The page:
MANKATO, Minn. (AP) - The Minnesota Vikings went through practice Wednesday in sweltering heat and humidity -- conditions eerily similar to those in which Korey Stringer collapsed exactly a year ago.
He died the next day.
It's impossible for the Vikings to forget what happened and how much they miss the man from Warren, Ohio, whom everyone called "Big K."
"We've got a couple weeks here," wide receiver Randy Moss said, "so it is going to be very hard to say we're going to move on. We still have flashes and still reminisce on the good times and also the bad times.
"But of course we're going to move on and try to win."
Back at Winter Park, the team's practice facility in the Twin Cities, a black-and-purple banner bearing Stringer's No. 77 is draped across the facade in front of the building.
"It's going to take awhile to get over it," Moss said.
And there are reminders all over the campus where the team holds training camp:
a Stringer jersey worn by a fan watching practice.
outside Gage Hall, where the players stay, there's a tree planted last summer in Stringer's honor.
yellow practice jerseys instead of the hotter purple ones worn in the past, canopies providing shade on the sidelines, the overabundance of water.
"We'll be sitting in meetings and someone will remember something that Korey said," said center Matt Birk, who wears No. 78. "It's unavoidable. Here, the lockers are numerical, so 77 and 78 were right next to each other. This year, (No. 76) Chris Liwienski is next to me."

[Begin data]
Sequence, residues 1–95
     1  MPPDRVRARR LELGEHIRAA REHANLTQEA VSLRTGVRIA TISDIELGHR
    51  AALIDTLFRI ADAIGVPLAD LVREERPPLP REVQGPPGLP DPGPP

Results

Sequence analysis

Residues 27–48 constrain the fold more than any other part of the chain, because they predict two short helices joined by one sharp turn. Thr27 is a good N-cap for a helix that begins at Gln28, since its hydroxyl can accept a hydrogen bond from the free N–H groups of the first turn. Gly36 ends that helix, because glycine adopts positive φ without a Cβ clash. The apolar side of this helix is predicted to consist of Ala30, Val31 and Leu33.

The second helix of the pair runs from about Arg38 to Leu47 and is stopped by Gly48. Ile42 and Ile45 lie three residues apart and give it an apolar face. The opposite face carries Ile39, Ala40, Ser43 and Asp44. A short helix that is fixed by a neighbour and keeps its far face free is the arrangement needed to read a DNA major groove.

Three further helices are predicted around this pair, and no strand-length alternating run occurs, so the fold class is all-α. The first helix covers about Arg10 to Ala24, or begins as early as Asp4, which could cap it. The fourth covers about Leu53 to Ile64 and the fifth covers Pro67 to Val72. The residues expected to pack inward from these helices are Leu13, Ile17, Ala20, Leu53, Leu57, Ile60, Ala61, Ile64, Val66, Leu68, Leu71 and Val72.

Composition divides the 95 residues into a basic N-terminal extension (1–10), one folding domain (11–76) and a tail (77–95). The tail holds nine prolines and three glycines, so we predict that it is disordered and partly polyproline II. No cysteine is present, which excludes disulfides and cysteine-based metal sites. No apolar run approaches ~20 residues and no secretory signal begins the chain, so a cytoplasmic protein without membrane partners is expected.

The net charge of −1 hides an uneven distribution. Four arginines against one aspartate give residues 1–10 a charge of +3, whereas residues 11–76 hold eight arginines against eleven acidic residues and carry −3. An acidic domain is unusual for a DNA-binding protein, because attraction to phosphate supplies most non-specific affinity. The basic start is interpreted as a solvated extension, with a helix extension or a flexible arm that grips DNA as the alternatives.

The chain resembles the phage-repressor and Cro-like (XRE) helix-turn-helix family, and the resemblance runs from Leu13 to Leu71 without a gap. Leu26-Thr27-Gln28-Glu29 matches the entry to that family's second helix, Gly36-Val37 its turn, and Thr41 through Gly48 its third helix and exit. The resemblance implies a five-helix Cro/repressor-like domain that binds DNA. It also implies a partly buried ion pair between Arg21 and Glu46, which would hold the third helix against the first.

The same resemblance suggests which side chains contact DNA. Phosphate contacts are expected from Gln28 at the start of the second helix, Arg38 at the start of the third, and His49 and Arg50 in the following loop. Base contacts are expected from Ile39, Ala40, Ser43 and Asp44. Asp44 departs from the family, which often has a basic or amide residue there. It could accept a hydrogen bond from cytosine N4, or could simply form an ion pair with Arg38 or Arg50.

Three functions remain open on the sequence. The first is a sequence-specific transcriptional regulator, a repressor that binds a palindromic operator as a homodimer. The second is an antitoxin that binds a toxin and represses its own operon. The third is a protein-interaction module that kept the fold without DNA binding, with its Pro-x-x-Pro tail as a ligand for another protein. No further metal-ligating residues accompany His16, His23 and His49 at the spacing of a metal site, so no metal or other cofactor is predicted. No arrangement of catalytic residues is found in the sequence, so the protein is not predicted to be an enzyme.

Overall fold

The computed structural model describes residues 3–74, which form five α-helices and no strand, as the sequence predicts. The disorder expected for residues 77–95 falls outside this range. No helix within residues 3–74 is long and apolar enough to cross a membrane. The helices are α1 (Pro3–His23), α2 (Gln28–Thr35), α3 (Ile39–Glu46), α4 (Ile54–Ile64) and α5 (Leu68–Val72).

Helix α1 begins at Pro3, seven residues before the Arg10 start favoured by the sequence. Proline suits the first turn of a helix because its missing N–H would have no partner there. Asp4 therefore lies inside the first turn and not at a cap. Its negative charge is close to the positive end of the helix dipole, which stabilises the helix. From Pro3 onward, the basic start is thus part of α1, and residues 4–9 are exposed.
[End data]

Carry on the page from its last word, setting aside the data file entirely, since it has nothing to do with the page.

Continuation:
Stringer's widow, Kelci, has filed a $100 million wrongful death suit against the team, alleging negligence. It is scheduled to go to trial in June 2003.
Because of that, many in the Vikings organization, including head coach Mike Tice, won't talk about the subject. A year ago, Tice was offensive line coach and was as close to Stringer as anyone.
And with a mostly new coaching staff and an overhauled roster, it's probably healthy for the Vikings to forget the painful 5-11 season that began with Stringer's death.
There isn't a player on the team who will talk about Stringer's death without saying that he thinks about Stringer every day.
"I think by that happening," Moss said, "some of the guys who've been through that tragedy are closer as a family, and now we feel we can help one another."
Lineman Everett Lindsay, like the rest of his teammates, always enjoyed Stringer's imitations. There was one in particular Lindsay recalled, where Stringer mimicked a commercial Tice once did for a campus restaurant-and-bar called Boomtown.
"He did that to a T," Lindsay said.
Dwelling on the pain doesn't help, so the team would rather think about the good memories.
"You're just thankful that your paths were able to cross," Birk said. "I remember him for what he was -- a good guy with a great sense of humor and a big heart."
(Copyright 2002 by The Associated Press. All Rights Reserved.)
Korey Stringer didn't appear to be suffering from heat-related illness until he lost consciousness after leaving practice, the Minnesota Vikings' trainers told attorneys in the wrongful death suit brought by Stringer's widow. More >>
A district judge Wednesday narrowed the negligence lawsuit brought against the Minnesota Vikings by the family of Korey Stringer, who collapsed in the heat at a training camp practice last August and later died. More >>